When I was a newer writer, few things were as helpful as exploring the editing process, once I (or someone else) had been edited. Like comparing the before and after photos of a home renovation, I scoured the draft and the final looking for the changes—large and small—that tapped away at a piece like a sculptor might do to release a stone’s very best form.
Around here, that’s what we like to say great editing is: listening for the absolute heartbeat of a piece and bringing it forward— (which sometimes, actually, means adding a bit more material, not taking it away).
In the beginning, I didn’t have anyone editing my work but me, so I sought places where a person could hang out online to watch editors generously doing a little of that work in the open. I read the gentle conversations around others’ work and learned to replace my own limp adverbs with strong images, to weed out extraneous words, to leave some things unsaid and give the reader a chance to participate more deeply on their own terms.
These are just a few things that build momentum in our writing, giving it a power that keeps the reader wanting to continue reading. When we publish at Tweetspeak, and at T.S. Poetry Press, momentum is the thing we’re looking for—and if a piece of writing doesn’t have it yet, that’s where the editing begins.
We call that process Editor TLC. And now we’re making it the focus of a cool (and fun) live online mini-intensive that’s free for our patrons—so they can become their own best editors.
How Editor TLC Will Work
Every couple of months, we’ll offer a writing prompt to get the process started. It may be for fiction, non-fiction, even poetry. We’ll invite you to write from the prompt, then submit your piece to us for possible selection for gentle but thorough editing that will inspire conversation and reflection—so you can become your own best editor and even learn to edit others’ work if you so desire.
On the night of the online Editor TLC gathering, we’ll offer a short editorial talk that explores best-practice as it relates to the prompt’s center, then we’ll show how we edited one submitted piece in line with that best-practice, and we’ll leave a little time for Q&A—with the aim to have a vibrant, intriguing, writing-altering conversation.
The Editor TLC talk will be given by one of our professional editors, authors, or writing friends. And you’ll want to be sure to watch for a special night coming up later this year, with warm and delightful poet Susan Goldsmith Wooldridge, author of poemcrazy.
This opportunity is open to our Tweetspeak Patrons at the following levels:
$1 Patrons: Participate in the prompt and submit your piece for possible Editor TLC (you can choose to have this done at the online gathering without your name attached, if you’re feeling shy)
$5 Patrons: Participate in the prompt and submit your piece for possible Editor TLC, plus we’ll draw five submissions at random that, even if they don’t become the selection to be featured during the online gathering, will be given some TLC by one of our editors. Also get access to a recording of the event.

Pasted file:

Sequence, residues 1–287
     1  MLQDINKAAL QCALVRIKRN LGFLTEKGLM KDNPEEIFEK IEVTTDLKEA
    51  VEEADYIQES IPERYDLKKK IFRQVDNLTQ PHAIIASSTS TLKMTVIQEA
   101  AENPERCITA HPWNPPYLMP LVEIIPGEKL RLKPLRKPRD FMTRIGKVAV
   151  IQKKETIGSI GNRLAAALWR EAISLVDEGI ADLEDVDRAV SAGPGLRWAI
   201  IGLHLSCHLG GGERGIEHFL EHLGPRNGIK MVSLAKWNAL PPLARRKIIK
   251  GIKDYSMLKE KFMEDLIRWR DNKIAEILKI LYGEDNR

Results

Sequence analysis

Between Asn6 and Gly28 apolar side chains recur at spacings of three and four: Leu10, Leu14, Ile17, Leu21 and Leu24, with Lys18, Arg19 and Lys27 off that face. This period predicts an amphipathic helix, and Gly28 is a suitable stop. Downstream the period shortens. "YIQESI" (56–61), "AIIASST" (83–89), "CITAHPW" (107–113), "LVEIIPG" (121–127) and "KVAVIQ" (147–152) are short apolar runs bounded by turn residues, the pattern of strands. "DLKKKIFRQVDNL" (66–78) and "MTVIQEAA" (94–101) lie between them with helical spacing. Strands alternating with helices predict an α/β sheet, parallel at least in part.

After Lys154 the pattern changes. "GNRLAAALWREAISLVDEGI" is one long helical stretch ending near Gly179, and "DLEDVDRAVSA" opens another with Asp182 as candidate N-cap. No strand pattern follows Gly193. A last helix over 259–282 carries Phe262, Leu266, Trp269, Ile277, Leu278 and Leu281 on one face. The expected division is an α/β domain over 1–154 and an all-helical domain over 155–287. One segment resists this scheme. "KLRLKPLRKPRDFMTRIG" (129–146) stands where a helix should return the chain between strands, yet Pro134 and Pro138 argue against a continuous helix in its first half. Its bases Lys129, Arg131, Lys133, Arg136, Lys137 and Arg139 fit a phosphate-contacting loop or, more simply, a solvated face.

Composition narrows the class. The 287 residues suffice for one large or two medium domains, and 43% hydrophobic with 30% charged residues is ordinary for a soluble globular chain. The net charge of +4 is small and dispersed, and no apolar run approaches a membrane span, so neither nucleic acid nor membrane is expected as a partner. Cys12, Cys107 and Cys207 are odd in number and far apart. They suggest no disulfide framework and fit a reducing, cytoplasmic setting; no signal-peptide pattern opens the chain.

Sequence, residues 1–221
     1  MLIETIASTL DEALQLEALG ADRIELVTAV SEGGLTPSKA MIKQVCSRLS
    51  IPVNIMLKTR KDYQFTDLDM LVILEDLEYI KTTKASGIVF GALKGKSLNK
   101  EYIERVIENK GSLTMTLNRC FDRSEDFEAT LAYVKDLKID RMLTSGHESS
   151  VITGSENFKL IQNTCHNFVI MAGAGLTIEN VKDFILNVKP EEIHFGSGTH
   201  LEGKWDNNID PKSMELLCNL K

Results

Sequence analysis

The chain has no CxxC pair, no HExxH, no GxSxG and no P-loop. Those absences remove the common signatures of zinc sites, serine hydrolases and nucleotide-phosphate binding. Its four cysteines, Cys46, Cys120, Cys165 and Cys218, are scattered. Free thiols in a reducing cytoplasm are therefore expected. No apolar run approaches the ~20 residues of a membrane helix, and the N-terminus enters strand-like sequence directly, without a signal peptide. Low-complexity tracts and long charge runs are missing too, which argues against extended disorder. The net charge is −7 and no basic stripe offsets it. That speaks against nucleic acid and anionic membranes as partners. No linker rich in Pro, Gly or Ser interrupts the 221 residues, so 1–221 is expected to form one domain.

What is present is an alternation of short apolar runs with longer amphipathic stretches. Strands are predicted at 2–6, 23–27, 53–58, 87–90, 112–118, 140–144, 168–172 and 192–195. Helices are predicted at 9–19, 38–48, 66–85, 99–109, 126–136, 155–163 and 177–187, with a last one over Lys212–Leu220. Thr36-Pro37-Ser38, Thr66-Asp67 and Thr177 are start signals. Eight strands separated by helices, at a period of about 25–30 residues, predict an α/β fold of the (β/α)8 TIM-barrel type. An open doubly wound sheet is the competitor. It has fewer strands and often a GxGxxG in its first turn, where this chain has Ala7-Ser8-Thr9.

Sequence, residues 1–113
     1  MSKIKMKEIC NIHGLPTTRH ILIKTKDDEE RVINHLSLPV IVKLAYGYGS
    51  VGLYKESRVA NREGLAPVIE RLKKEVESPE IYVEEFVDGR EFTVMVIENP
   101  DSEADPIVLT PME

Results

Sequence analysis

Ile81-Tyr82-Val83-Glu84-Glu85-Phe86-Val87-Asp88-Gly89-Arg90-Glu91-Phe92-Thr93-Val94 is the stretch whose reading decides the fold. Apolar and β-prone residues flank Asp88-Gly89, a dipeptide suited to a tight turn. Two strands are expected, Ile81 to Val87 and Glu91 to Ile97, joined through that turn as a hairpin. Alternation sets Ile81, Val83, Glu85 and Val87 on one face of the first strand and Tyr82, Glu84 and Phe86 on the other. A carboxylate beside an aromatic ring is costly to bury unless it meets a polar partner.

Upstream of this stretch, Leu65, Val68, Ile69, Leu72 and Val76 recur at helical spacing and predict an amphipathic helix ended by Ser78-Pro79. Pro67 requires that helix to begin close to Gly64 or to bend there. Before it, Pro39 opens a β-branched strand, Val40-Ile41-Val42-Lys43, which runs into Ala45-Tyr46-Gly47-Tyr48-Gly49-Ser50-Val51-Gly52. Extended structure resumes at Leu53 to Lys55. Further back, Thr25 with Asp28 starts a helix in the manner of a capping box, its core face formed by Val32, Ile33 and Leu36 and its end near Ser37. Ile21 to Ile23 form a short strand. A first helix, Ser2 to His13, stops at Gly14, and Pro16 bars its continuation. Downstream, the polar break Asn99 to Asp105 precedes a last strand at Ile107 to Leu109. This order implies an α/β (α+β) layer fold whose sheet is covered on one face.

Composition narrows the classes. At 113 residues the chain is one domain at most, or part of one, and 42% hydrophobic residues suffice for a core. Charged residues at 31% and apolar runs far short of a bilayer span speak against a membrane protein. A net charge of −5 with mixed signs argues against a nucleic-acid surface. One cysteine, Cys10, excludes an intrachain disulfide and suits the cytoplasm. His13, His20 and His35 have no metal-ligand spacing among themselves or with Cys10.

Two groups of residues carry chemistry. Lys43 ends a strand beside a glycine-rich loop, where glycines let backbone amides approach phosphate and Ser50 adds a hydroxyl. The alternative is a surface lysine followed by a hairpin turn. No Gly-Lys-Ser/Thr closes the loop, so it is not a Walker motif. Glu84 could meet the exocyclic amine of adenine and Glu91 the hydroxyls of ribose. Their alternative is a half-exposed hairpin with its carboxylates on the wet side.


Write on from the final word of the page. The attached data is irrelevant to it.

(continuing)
$12 (and up) Patrons: Participate in the prompt and submit your piece for possible Editor TLC, plus your piece will automatically be given some TLC by one of our editors. Also get access to a recording of the event.
And, of course, if you’re a Patron at any level, you’re welcome to join in for the editorial talk, whether or not you choose to write for the prompt.
(To become a Patron for as little as $1 a month, visit us on Patreon.)
Writing Prompt—For Private Practice or to Submit for Editor TLC
Our first event will be held on Tuesday, June 19, at 8:00 pm Eastern time, with L.L. Barkat as our featured editor.
Here’s your writing prompt for the evening:
Craft a single paragraph that creates unexpected compassion for a character (fictional or real). If the character is not particularly likable, or has a questionable background or future, the compassion you stir might be all the more unexpected. However, you could also write about a likable, steady character. It’s up to you!
Sometimes it takes a little setup to create compassion. If you need to write a few paragraphs to precede the “single paragraph,” feel free to do so. But, be sure identify the target paragraph if you submit it for Editor TLC.
Not Doing the Writing Prompt? Answer These Pre-Discussion Questions Instead
1. Do you think it matters if an author creates compassion for a character? Why or why not?
2. What’s the best example you can remember of a character you felt compassion for? What made you feel compassion for them?
3. In ordinary life, what do you think helps create compassion between people?
Already a Patron? Submit Your Paragraph or Question Responses Now
If you’re already a Patron, you may submit your paragraph or question responses using the form below. (Please submit only once per person, by June 15.)
Photo by Gunnar Marquardt, Creative Commons license via Flickr. Post by LW Lindquist.
You Might Also Like
Latest posts by LW Willingham (see all)
- National Poetry Month: Tony Hoagland and the Body + Group Poetry Dare - April 11, 2019
- 5 Delicious Ways to Celebrate Poet in a Cupcake Day! - April 5, 2019
- National Poetry Month: Writing Down the Words from Tony Hoagland + Group Dare - April 4, 2019